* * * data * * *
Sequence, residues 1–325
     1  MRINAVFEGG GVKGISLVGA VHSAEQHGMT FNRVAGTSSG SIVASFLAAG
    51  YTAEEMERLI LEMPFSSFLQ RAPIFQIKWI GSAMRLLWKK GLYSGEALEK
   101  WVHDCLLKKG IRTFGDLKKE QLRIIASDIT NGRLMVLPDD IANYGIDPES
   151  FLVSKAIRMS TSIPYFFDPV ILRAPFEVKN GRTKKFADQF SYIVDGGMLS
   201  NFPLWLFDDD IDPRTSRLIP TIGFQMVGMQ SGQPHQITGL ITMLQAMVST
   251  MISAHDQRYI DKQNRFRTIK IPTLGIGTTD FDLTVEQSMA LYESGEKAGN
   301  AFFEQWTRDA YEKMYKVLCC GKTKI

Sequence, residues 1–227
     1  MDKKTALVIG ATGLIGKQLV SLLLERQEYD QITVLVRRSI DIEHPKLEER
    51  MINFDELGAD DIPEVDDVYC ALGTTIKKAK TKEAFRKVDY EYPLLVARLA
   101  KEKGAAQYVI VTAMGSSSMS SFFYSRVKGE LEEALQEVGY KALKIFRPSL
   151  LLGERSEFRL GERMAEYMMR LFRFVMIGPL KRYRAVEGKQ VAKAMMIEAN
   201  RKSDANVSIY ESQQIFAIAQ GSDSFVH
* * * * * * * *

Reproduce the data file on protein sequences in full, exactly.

Sequence, residues 1–325
     1  MRINAVFEGG GVKGISLVGA VHSAEQHGMT FNRVAGTSSG SIVASFLAAG
    51  YTAEEMERLI LEMPFSSFLQ RAPIFQIKWI GSAMRLLWKK GLYSGEALEK
   101  WVHDCLLKKG IRTFGDLKKE QLRIIASDIT NGRLMVLPDD IANYGIDPES
   151  FLVSKAIRMS TSIPYFFDPV ILRAPFEVKN GRTKKFADQF SYIVDGGMLS
   201  NFPLWLFDDD IDPRTSRLIP TIGFQMVGMQ SGQPHQITGL ITMLQAMVST
   251  MISAHDQRYI DKQNRFRTIK IPTLGIGTTD FDLTVEQSMA LYESGEKAGN
   301  AFFEQWTRDA YEKMYKVLCC GKTKI

Sequence, residues 1–227
     1  MDKKTALVIG ATGLIGKQLV SLLLERQEYD QITVLVRRSI DIEHPKLEER
    51  MINFDELGAD DIPEVDDVYC ALGTTIKKAK TKEAFRKVDY EYPLLVARLA
   101  KEKGAAQYVI VTAMGSSSMS SFFYSRVKGE LEEALQEVGY KALKIFRPSL
   151  LLGERSEFRL GERMAEYMMR LFRFVMIGPL KRYRAVEGKQ VAKAMMIEAN
   201  RKSDANVSIY ESQQIFAIAQ GSDSFVH